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DaveG38

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  1. My set, which wasn't re-constituted came in a red leather style case, not the card type.
  2. Ridiculous price - I dropped out at £600 and even that was too much in my view. One in much better grade went on ebay recently for around £500.
  3. Oldest coin you received in change/spent?

    Your dad is quite right. I worked for J Lyons teashops in my school holidays and on occasions I was trusted to work the till at the end of the counter. Bun pennies, usually very worn (clear date) were easily found, as were widow head coins in around fine. I never once saw a Victorian halfpenny of any kind, and even Edward VII ones were rare and very worn. The best Victorian penny I ever found was a 1892 in GVF, which I still have. Otherwise, the only other notably decent coin was a 1866 one thirteenth of a shilling from Jersey in EF. The coin is absolutely jet black and has a commonwealth style bust, which is probably the reason it got spent - the owner I would guess thought he was fiddling me with a foreign coin by passing it on. Again, I still have it. It is probably the fact that interesting coins could be found in change which set me on the path of collecting. I put together an album in the late 1960s/early 70s, and was inspired to pick up the interest again in the early 1990s, and the rest as they say is history.
  4. Ebay's Worst Offerings

    His website isn't active.
  5. Ebay's Worst Offerings

    http://www.ebay.co.uk/itm/Queen-Elizabeth-I-silver-hammered-sixpence-1st-coin-/232341544915?hash=item3618a29fd3:g:tOAAAOSwlY1ZI0nu Here's another one - the classic 1562 sixpence. Reported for what it is worth.
  6. Diane Abbacus Abbott

    May, and previous governments sold arms to a legitimate government, who were asked to aid another government against terrorist insurgents. Lets get a bit of honesty please. People may not like Saudi, but its position in this case is internationally sound, whether we like them or not.
  7. 1697 Shilling

    Not William III, but the third design of bust used for strking. For what it is worth, I sold one a little poorer for wear, but with rather nastier scratches for £15 on ebay recently.
  8. Oldest coin you received in change/spent?

    When I was a teenager (I can still vaguely remember this experience) I worked at a J Lyons teashop in Brighton, and occasionally relieved the cashier on the ground floor till. In those days a cup of tea was 6d, and one day a customer came along the counter with his tea and handed me a coin. I took one look and asked what it was, and was told a shilling. I'd never seen one like this before, but I took it anyway and gave him the change. I swapped the coin out for a shilling of mine and took the coin home, and some time later discovered that it was indeed a shilling of George IV dated 1826 and in GVF grade. Goodness knows why the customer had spent this coin, which was certainly worth a few pounds back then, but he did. How it came to be in such good grade I've no idea. Either way, It's still in my collection and although I could easily obtain a better grade example this one has special place because its the coin that started me off collecting. I've no intention of swapping it out.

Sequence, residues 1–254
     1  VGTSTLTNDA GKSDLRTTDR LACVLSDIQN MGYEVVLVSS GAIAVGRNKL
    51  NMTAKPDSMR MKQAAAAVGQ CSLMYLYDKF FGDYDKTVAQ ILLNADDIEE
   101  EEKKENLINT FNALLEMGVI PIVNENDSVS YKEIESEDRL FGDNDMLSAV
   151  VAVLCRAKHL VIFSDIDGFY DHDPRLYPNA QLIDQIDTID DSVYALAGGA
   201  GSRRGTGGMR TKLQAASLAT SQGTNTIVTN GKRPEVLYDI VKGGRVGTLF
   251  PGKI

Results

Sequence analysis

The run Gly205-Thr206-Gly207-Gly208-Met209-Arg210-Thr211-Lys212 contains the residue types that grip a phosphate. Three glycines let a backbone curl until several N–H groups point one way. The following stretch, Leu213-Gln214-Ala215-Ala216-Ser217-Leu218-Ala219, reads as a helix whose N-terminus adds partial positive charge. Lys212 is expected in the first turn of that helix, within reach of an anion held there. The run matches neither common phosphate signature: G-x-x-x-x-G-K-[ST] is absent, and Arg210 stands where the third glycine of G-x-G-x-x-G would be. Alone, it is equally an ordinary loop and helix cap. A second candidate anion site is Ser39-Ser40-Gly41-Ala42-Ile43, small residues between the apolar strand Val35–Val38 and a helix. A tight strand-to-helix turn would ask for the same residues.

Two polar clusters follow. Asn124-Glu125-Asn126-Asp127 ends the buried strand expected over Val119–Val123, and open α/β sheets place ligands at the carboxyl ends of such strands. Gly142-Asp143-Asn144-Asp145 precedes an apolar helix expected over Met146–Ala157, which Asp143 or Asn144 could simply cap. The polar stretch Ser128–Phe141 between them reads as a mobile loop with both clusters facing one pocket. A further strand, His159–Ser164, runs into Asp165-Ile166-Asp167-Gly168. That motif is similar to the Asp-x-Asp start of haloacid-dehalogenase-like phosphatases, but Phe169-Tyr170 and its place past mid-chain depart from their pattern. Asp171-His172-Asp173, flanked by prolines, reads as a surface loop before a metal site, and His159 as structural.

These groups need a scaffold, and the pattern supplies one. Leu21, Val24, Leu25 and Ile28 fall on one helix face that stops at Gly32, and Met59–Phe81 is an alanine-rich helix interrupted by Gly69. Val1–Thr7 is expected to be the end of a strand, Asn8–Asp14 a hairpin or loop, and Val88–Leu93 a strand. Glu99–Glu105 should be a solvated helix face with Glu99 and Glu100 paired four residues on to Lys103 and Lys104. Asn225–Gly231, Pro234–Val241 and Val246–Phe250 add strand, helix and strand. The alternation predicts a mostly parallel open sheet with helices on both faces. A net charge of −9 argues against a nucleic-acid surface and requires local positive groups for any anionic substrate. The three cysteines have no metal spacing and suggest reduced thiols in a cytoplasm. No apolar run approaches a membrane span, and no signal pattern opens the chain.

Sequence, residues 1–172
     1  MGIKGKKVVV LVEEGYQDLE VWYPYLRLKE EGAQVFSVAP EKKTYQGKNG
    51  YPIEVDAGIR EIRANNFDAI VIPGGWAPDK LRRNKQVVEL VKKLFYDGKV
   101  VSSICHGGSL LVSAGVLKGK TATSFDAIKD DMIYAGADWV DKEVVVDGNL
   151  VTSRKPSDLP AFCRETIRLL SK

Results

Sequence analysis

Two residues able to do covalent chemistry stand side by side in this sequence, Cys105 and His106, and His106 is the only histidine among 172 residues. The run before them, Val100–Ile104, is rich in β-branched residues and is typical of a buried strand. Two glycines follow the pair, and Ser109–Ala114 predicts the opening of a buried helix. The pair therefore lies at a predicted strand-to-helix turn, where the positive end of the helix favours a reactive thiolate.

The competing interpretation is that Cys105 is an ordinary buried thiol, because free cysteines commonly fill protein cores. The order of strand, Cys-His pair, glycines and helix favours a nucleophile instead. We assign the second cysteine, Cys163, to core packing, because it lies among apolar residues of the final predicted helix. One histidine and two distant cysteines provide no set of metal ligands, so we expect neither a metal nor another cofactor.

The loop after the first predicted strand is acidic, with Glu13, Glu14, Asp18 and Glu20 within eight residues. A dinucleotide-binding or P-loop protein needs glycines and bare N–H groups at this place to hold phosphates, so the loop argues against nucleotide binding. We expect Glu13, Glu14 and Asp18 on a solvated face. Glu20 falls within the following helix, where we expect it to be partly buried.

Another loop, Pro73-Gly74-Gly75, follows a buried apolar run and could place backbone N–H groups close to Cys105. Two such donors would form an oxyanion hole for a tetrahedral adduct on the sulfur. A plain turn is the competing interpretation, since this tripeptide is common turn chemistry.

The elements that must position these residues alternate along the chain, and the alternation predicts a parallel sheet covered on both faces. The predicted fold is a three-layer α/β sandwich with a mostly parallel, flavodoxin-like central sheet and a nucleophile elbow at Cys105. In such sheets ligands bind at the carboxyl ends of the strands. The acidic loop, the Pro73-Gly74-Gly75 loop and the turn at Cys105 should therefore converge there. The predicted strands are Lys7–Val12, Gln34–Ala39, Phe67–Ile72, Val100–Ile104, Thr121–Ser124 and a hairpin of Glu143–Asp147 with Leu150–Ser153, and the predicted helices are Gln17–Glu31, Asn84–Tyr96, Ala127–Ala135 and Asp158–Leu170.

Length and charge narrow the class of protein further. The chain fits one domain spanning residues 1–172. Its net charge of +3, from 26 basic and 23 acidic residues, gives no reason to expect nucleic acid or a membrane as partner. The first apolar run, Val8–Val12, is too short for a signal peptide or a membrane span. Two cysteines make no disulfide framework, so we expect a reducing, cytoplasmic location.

9. There was one on ebay a few months back. I was all set to go for it and some barsteward made a preemptive offer for it, and it was taken of the site. So much for sticking to the rules!!
  10. Ebay's Worst Offerings

    http://www.ebay.co.uk/itm/1723-SHILLING-GEORGE-I-BRITISH-SILVER-COIN-/322515523260?hash=item4b176c56bc:g:cygAAOSwmgJY740Y A rather worn 1723 SSC Shilling, with French Arms at the date. Nothing special, if a little over priced in that grade for £50. The interesting bit is the description in the small print which reads 'My coin is very close to the condition in the picture' presumably meaning that it isn't the one shown. If so, that makes quite a difference to the price.
  11. T Blair

    Good point. I'd forgotten about him. However, the description is an apt one.
  12. T Blair

    Is he anybody's favourite guy? If so who is this idiot? There surely can't be more than one.
  13. T Blair

    Or to put it another way, socialists are very good at spending other people's money.
  14. New pound coin

    Just checked mine again. None have the reeding to the left, but one has the reeding mostly to the right, but with 3 lines into the left hand side. This is paired with the reverse that has almost all of the thistle leaf in the brass ring and the legend touching the inner ring. i.e. appears to be struck slighly off centre.
  15. I doubt that there's a whole batch of these errors. As has been suggested already, this is almost certainly a die clash, where the two punches struck each other without a blank between them, leading to elements of the two sides imprinted on the other. It seems to me that it wouldn't be very long before a customer of the Royal Mint went through the personal striking process, and then almost immediately examined their coin, discovered the apparently poor quality of the coin and drew this to the attention of the RM staff. RM staff would almost certainly then substitute the dies and striking could continue. If this scenario is correct then it is likely that there are very few of these misstrikes.